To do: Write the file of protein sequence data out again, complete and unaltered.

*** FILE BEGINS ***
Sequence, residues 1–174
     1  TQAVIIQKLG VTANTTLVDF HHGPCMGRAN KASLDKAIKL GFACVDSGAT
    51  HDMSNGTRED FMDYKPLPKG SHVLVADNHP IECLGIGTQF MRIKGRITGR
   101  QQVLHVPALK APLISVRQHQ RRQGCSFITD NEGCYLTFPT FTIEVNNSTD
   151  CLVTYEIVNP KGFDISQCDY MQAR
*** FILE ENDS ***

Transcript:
Sequence, residues 1–174
     1  TQAVIIQKLG VTANTTLVDF HHGPCMGRAN KASLDKAIKL GFACVDSGAT
    51  HDMSNGTRED FMDYKPLPKG SHVLVADNHP IECLGIGTQF MRIKGRITGR
   101  QQVLHVPALK APLISVRQHQ RRQGCSFITD NEGCYLTFPT FTIEVNNSTD
   151  CLVTYEIVNP KGFDISQCDY MQAR